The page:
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Retirement rules of thumb are all about trying to help you determine a sensible rate of withdrawal from your account, as well as helping you figure out how much money you need to set aside now so that you can enjoy a successful and comfortable retirement later.

While the 4% rule has become a standard quick calculation for retirement planning, there is a new rule that is similar: The Rule of 20. A recent Money Talk on BNN featured Irshaad Ahmad, President & Managing Director of Russell Investments Canada, on the show to discuss this new calculation.

What is The Rule of 20?

The Rule of 20 states that for every \$1 of retirement income you want, you will need \$20 saved in your retirement portfolio. At first glance, I thought this might just be a “5% rule”. The extra percentage point is likely due to the fact that this rule already accounts for inflation, where the 4% rule only addresses the first year, and then adjusts each year for inflation. Also, The Rule of 20 states that you only need \$20 in savings for every \$1 of annual retirement income; no where does it say you should withdraw 5% each year. So the end result is likely similar to the results you see with the 4% figure. It's just as a simpler calculation for determining your retirement needs.

Something to Keep in Mind with The Rule of 20

Just as with the 4% rule, one key thing to keep in mind is that CPP and OAS will cover a substantial portion of most Canadians' retirement income. So if your goal is a annual retirement income of \$50,000 for you and your spouse, the CPP and OAS payments will get you half way there since you can expect \$25,000 for the average retired couple.

Since you have CPP and OAS to help you out, the amount that you actually have to base your retirement savings on (in our scenario) is \$25,000 per year. Using The Rule of 20, you calculate that you will need a retirement portfolio of \$500,000 in order to retire comfortably.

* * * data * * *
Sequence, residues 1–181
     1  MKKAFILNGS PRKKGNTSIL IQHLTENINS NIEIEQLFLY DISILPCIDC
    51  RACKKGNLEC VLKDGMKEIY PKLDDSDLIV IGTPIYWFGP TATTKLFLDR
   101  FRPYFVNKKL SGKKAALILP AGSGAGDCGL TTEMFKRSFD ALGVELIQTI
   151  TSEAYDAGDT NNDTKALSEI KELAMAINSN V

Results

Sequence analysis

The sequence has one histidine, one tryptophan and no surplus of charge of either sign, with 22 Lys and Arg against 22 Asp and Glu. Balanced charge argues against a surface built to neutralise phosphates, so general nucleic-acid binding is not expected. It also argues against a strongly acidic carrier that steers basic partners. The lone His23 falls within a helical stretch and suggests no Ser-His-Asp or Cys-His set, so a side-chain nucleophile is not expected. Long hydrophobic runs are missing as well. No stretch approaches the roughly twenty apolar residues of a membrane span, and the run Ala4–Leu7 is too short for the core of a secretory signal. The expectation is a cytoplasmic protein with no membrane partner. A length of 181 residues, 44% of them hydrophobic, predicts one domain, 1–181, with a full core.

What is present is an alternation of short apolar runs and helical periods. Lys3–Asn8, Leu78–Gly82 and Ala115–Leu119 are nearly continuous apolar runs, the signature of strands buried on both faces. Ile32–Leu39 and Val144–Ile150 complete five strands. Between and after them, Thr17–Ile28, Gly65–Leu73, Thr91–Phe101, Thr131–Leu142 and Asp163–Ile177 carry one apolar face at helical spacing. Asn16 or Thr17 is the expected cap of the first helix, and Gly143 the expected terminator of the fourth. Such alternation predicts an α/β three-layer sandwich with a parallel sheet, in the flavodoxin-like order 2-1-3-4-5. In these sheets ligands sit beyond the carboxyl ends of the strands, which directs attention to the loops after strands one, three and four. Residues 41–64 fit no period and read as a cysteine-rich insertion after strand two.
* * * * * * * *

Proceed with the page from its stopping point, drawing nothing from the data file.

This amount is hard to compare to the 4% rule calculation since the portfolio has to be larger to allow the same dollar amount to be withdrawn. Let's look at the comparison another way. Using the 4% rule for \$500,000 in savings, you would withdraw only \$20,000 in the first year and then increase for inflation each year going forward.

This means that, with the 4% rule, you are withdrawing \$5,000 less the first year. By the time you add the \$25,000 for OAS and CPP to the \$20,000, you only end up with \$45,000 a year in income. You either need to adjust your withdrawal, or become used to the idea of dipping into your capital more than you had expected.

How Should You Calculate Your Retirement Planning?

Whichever calculation you decide to use, remember that it is just a quick method to plan your retirement. Neither rule can properly account for market volatility or personal factors such as your plans for travel or leaving an estate to your loved ones.

With retirement planning, it makes sense to thoroughly consider your options, and make your plans accordingly. Rules of thumb can help you, but you shouldn't become a slave to them.